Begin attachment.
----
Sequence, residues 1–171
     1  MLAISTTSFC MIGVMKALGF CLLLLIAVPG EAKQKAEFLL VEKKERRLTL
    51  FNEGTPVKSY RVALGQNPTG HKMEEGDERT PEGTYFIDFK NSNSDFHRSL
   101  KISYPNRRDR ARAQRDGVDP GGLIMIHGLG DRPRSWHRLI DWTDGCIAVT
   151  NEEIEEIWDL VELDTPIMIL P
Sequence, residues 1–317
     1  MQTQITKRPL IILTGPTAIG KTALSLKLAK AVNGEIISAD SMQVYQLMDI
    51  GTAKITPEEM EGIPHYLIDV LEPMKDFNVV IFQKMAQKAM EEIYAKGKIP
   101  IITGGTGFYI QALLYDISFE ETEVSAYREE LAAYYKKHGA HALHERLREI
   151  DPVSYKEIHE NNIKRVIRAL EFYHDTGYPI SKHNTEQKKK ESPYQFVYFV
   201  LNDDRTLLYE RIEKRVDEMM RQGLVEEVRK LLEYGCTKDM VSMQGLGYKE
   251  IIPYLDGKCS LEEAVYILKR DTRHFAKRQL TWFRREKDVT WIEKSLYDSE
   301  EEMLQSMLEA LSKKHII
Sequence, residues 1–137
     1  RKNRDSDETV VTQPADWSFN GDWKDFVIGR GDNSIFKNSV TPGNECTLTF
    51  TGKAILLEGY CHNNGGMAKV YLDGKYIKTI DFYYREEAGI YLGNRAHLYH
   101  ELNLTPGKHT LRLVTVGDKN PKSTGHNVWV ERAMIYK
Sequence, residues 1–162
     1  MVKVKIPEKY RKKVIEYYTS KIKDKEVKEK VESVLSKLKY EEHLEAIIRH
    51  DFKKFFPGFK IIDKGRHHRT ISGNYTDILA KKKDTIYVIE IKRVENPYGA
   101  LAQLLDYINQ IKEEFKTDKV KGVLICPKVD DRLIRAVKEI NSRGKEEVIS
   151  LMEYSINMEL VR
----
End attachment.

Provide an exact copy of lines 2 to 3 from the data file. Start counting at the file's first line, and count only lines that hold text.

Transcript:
     1  MLAISTTSFC MIGVMKALGF CLLLLIAVPG EAKQKAEFLL VEKKERRLTL
    51  FNEGTPVKSY RVALGQNPTG HKMEEGDERT PEGTYFIDFK NSNSDFHRSL